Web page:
New York Daily News
February 22, 2013
A study published in the journal Psychological Science found that men with shorter, wider faces were more likely to express racist or prejudiced beliefs. Men with greater width-to-height ratios, the study found, had a greater urge to be socially dominant and cared less what others thought of them.
Men with shorter, wider faces may be more likely to express racist beliefs, according to new report.
The report, due out in the journal Psychological Science next month, found that facial structure can be a result of testosterone levels, which are also connected to aggressive behavior and the need to appear dominant in social situations.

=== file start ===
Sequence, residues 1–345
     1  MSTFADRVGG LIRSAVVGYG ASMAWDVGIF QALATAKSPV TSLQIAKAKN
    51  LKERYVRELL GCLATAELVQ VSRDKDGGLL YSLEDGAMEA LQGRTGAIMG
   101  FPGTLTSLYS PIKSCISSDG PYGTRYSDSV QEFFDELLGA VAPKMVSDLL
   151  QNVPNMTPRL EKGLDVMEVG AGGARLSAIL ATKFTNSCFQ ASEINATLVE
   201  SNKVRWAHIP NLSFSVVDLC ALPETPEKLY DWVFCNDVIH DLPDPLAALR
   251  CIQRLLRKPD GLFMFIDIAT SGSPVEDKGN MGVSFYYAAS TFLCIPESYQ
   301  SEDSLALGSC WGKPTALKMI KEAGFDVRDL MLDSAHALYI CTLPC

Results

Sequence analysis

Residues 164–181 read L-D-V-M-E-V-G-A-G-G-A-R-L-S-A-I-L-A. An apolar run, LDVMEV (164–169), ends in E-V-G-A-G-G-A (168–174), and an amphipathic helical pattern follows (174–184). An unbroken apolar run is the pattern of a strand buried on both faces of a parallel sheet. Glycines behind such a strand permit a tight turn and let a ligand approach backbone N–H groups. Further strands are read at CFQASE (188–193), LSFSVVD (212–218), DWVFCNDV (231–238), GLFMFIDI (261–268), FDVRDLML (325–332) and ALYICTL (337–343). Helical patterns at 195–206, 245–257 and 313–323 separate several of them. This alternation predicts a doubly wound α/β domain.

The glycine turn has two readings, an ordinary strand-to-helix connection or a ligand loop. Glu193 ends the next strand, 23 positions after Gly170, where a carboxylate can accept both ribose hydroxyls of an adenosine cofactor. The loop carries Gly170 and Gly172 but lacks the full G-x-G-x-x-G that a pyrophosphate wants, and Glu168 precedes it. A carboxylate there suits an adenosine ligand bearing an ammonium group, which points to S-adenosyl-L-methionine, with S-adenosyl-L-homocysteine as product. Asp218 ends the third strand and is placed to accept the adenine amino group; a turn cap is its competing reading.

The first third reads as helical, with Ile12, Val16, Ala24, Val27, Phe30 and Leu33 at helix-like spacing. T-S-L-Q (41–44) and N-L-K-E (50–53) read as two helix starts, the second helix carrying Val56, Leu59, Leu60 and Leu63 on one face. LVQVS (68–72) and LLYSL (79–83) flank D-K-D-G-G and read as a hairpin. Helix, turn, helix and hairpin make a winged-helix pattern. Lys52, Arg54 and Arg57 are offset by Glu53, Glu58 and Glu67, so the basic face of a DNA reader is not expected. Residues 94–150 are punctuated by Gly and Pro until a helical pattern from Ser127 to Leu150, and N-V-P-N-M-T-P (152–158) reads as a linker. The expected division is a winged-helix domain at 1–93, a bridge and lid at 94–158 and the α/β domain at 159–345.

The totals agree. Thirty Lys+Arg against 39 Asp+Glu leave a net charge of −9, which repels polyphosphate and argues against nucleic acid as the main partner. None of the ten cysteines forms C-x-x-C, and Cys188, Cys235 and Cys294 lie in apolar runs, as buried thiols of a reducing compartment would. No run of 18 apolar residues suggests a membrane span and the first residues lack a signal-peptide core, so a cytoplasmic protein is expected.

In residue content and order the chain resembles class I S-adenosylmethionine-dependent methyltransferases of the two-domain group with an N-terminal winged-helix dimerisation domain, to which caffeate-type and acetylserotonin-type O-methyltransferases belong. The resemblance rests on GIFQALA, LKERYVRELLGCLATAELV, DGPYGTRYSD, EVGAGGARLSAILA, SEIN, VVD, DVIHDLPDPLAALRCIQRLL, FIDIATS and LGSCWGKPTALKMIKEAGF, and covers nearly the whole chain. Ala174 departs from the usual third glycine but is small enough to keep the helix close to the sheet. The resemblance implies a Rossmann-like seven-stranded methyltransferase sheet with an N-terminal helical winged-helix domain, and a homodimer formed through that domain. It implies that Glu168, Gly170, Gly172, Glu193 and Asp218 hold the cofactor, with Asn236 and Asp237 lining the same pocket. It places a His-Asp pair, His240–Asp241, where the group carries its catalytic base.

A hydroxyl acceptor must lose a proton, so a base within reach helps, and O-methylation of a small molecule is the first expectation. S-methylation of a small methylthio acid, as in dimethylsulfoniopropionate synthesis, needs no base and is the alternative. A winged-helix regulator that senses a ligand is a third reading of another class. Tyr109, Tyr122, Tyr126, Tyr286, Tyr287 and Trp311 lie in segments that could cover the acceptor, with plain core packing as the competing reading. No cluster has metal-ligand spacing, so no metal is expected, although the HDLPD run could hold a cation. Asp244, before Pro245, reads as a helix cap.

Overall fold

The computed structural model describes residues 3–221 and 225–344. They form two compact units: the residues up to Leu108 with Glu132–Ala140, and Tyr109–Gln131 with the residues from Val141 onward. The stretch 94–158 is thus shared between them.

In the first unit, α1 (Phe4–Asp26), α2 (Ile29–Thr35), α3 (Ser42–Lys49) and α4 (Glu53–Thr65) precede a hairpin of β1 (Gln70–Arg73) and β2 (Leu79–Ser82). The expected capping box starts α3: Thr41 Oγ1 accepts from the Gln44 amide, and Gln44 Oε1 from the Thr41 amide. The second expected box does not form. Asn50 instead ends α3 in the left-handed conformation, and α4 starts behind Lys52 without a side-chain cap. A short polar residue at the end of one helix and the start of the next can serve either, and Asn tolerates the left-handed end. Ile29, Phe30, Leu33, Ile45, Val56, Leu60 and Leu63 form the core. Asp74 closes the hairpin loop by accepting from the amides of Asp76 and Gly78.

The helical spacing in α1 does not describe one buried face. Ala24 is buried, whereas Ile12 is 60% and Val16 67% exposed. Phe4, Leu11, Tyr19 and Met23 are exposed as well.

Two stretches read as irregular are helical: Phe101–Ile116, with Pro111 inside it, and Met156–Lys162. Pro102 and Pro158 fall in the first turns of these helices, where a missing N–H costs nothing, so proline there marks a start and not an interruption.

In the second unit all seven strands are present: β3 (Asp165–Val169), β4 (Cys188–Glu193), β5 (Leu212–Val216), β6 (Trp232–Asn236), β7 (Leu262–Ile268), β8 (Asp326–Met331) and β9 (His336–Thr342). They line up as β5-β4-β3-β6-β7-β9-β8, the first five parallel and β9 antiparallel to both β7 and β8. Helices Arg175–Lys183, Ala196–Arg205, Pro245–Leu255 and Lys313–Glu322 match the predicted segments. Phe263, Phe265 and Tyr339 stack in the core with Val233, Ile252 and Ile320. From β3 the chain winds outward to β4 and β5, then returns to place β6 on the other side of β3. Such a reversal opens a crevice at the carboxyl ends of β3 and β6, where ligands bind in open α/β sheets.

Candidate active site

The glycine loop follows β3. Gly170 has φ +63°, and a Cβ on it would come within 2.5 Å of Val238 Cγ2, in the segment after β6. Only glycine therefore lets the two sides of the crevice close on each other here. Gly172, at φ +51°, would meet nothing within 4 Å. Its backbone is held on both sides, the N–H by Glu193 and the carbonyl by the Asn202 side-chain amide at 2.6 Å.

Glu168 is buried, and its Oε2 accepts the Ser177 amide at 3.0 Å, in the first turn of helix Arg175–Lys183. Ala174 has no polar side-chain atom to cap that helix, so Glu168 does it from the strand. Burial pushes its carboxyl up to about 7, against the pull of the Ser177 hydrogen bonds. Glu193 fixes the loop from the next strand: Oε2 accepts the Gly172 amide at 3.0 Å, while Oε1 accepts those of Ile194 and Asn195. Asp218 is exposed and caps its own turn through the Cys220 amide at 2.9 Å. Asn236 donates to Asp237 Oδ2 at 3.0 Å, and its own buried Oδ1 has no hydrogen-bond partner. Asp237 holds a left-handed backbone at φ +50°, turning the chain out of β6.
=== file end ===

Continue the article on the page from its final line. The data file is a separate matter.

Men with greater facial width-to-height ratio (fWHR) – that is, men with wider cheekbones and shorter distances between the brow and the upper lip – had stronger dominant urges, cared less about what people thought of them and were more likely to express racist or prejudiced beliefs, the report found.
“Racial prejudice is such a sensitive issue and there are societal pressures to appear nonprejudiced,” Dartmouth social scientist Eric Hehman said in a statement about the study.
“More dominant individuals might care less about appearing prejudiced, or exercise less self-regulation with regard to reporting those prejudices, should they exist.”
But, he cautioned, “Not all people with greater fWHRs are prejudiced, and not all those with smaller fWHRs are non-prejudiced.”